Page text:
All the impetus for growth, for happiness, for fulfillment, has been placed upon the shoulders of the every-man; the individual is expected to seek and find the answers to all life’s questions on their own: and all while adrift in a flood of sensory overload, of deeply delightful renderings of reality slighted to the bone of all the complexities of existence.
Don’t mistake me: this is not a tirade against the machine; I’m not vying for a seat back to agrarian idylls that never were, where the greatest discovery was the potato. Technology itself is not the enemy: but the dark side of our interconnection does exist, and a large portion of that is how shallow it makes our lives despite that it connects us.
Have we lost the sacred? I’m again not speaking to any religion: we have more than enough of those, and their promises are ashen to my palate. No, I speak of the “numinous” as Carl Sagan described it: a sense of wonder, joy, and awe that is experienced when confronted by the world around us. I believe not. The numinous exists in all things, be they tree branches or circuit highways on a motherboard; the numinous is in the flight of birds and the soaring ghost of a glittering plane. It’s not that the world of sense provides us no longer with numinous experiences, it’s that our societies drive us to distraction from those experiences.
To really experience the sacred in life, we must be able to take the time away from doing to simply be. We must allow ourselves to be bored, to be restless; to be frustrated by the pace of a disconnected life. We are sensory-beasts, homo sapiens, creatures that observe and interpret what we observe. Yet the information-age has given us prescribed pathways through which exploration of that information is achieved.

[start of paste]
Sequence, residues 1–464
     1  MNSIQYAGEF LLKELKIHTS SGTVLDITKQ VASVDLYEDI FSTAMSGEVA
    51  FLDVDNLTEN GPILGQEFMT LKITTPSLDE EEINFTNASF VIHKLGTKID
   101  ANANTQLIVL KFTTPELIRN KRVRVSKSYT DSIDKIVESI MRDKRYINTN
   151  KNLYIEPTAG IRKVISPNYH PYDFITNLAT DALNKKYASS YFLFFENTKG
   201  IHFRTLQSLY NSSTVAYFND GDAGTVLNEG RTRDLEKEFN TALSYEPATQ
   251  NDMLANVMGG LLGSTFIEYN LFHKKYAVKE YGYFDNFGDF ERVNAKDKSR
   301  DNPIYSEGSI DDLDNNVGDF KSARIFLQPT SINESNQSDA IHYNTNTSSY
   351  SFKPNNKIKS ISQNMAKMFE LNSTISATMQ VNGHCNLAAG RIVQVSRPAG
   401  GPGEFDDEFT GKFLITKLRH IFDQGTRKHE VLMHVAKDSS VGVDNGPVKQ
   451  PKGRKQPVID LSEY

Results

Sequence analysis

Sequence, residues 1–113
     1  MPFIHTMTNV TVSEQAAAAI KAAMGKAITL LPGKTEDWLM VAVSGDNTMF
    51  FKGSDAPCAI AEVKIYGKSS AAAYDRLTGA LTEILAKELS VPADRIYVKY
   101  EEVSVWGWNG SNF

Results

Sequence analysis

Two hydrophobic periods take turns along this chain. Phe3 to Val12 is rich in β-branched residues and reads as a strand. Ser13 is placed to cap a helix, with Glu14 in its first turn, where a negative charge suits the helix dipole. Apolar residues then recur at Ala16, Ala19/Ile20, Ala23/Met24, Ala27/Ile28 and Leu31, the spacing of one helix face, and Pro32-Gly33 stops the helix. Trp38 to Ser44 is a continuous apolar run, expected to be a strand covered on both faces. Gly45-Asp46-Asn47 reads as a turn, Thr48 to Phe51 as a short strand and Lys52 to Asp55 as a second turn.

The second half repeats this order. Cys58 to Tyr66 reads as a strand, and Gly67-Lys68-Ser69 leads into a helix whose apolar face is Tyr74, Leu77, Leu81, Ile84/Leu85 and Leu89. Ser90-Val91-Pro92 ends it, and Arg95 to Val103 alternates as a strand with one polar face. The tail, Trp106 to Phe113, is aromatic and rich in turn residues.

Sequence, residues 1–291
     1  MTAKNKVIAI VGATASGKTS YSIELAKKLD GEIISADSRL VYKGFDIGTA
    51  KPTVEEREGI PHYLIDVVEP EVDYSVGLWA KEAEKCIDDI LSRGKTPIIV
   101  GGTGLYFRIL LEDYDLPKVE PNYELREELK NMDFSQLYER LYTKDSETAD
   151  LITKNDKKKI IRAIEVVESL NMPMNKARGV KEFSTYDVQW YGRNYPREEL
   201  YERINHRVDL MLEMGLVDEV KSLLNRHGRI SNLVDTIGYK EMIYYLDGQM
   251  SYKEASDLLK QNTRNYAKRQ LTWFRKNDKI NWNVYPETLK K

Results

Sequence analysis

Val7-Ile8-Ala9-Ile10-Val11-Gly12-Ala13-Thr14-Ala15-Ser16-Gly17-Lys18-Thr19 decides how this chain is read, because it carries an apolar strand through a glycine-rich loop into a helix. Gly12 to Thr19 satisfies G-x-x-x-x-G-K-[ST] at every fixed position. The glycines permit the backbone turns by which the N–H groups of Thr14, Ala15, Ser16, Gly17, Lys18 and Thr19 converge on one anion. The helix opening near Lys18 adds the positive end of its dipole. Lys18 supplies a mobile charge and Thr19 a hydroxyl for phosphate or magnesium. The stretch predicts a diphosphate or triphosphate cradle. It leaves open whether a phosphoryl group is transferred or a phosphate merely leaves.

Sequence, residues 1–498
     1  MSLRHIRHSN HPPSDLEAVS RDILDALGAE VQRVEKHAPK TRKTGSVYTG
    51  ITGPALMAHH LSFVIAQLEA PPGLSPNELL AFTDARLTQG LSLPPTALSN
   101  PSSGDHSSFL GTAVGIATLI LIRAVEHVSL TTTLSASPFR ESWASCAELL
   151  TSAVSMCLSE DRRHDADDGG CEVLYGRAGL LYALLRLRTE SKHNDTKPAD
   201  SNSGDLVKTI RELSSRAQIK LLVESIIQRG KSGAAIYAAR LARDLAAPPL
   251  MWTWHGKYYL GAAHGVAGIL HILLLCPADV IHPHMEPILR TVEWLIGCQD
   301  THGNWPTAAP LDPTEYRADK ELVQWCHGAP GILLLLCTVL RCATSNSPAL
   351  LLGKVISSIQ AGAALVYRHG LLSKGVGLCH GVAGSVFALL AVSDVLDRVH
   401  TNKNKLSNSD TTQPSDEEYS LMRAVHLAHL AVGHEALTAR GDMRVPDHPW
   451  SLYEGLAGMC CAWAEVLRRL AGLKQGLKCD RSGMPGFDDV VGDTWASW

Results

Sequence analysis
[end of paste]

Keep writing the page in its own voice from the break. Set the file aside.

How many websites do you visit? How many books do you read? Where does your attention lay, and for how long? The dangers are deeper even than that: how does one quantify the value of a book? The smell, the relationship between tactile experience, the smell of the pages, and the plodding pace of the information expressed within. The older technology still serves us in more ways than we even know, while the new affects us in ways are likewise still beyond our ken. We cannot take for granted that we know when we don’t know enough to know what it is we don’t know.
I believe that the value of the sacred in life is more important than ever, that the numinous cannot be overlooked if we wish to make for ourselves a life worth living. But I also believe that pursuit of the numinous is a prescription for our society’s ills, its obsession with consumption of “content” in a wide variety of corporate-approved colors and flavors. Should we find our way back to an appreciation of the sacred as a natural matter of course, I believe the Anthropocene might take on a very different flavor indeed.